Alexis Rockman

Famous since the mid-1980s for painstakingly painted phantasmagorical botanical and zoological scenes, Alexis Rockman presented expressionistic landscapes in “The Weight of Air,” his first solo museum show in a decade. Made between 2005 and 2007, the thirty-nine oils on paper, which the artist refers to as his “weather drawings,” take as their subjects hurricanes, toxic emissions, landslides, tornadoes, diminishing glaciers, and evaporating seas. The quasi-abstract, often heroic images result from an improvisational and muscular handling of materials: Rockman pours onto gessoed paper a mixture of oil paints, alkyd resins, and mineral spirits, the density of which varies from thin wash to thick syrupy pool. Using a combination of toothbrushes, palette knives, turkey basters, eyedroppers, and spray valves, he creates energized, scumbled, and stained surfaces depicting extreme natural forces. He also uses small brushes to insert details like airplanes, bridges, trucks, oil wells, and windmills, which punctuate the lush surfaces.

Rockman based these landscapes on his own digital collages of images culled from the Internet and from magazines. Although they depict environmental catastrophes, they are more painterly and less ominous than, for example, the artist’s epic mural Manifest Destiny, 2004, which prophesied a gory apocalyptic Brooklyn waterfront following an extreme sea-level rise. Rockman’s new works are more akin, in their loose brushwork and high-keyed palette, to his 2006 series “American Icon,” in which American landmarks decay amid lushly overgrown landscapes.

The artist’s reliance on science and geography is apparent in Aral Sea II, 2006, a densely painted image of a scorched desert wasteland alluding to the titular Central Asian sea, which has been dramatically shrinking for decades, due mostly to massive diversions for agricultural irrigation. Four lone camels appear alongside a beached boat near the high horizon line, while shiny brown-black skeletal remains of another ship in the foreground remind the viewer of this area’s parched fate.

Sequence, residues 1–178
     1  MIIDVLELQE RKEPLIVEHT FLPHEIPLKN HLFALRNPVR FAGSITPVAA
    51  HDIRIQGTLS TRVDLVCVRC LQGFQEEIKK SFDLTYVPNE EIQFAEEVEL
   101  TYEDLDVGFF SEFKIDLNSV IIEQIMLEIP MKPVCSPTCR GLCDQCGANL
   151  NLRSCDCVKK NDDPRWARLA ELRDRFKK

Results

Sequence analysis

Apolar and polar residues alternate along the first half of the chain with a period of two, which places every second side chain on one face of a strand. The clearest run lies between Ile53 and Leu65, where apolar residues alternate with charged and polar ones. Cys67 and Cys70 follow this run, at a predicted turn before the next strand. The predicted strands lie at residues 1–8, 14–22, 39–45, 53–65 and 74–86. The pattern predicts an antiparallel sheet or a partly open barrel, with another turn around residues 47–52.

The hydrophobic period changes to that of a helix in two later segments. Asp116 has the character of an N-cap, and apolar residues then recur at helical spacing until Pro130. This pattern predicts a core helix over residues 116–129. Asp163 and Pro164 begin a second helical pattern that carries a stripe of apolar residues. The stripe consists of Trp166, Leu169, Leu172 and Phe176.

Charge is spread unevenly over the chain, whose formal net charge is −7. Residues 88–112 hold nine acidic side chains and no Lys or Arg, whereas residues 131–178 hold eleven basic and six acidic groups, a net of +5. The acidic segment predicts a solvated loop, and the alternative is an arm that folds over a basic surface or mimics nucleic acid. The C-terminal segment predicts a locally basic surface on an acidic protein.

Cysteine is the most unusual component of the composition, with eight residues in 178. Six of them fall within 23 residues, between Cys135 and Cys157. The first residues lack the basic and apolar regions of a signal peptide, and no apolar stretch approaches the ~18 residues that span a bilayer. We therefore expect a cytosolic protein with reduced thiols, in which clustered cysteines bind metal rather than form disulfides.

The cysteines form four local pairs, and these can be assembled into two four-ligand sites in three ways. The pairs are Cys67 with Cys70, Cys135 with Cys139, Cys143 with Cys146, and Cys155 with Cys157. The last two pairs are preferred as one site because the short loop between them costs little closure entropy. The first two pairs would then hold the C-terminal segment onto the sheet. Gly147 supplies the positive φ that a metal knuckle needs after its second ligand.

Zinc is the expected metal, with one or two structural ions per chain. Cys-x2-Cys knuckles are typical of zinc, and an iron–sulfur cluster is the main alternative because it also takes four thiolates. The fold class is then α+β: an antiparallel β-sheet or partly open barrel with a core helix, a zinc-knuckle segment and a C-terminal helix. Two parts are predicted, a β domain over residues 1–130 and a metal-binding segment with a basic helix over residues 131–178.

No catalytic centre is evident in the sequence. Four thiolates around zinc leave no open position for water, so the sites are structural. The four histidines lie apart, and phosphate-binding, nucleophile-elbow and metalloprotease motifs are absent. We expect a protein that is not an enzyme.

In many of his more abstract images, Rockman inflects Edmund Burke’s concept of the sublime with environmental warnings. Color, texture, and light are the primary focus in works like Blue Storm, 2006. This mural-size landscape is dominated by seductive and amorphous azure and white storm clouds in an orange sky streaked with a single white lightning bolt. Below this threatening but magnificent expanse, two tiny cars appear on a narrow road in an otherwise unpopulated verdant terrain. His smaller-scale, more spontaneously painted works are among his most visually appealing. Orange Waterspout, 2007, is a poster-size seascape in which the sky looms large, as in paintings by Dutch landscape master Jacob von Ruisdael. The peaceful sunset is intruded upon by a dark viscous tornado pulling water into its growing vortex. In this Turneresque image, the vertical waterspout is juxtaposed with a fiery orange sky, while the churning sea, a neo-expressionist surface of black and brown drips, recalls Anselm Kiefer’s scarred wastelands.

Rockman’s poetic, explosive new paintings signal his departure from making often fantastical scenes overpopulated with mutated beings, and position him as a formidable landscape painter steeped in tradition yet mindful of twenty-first-century dangers.

Francine Koslow Miller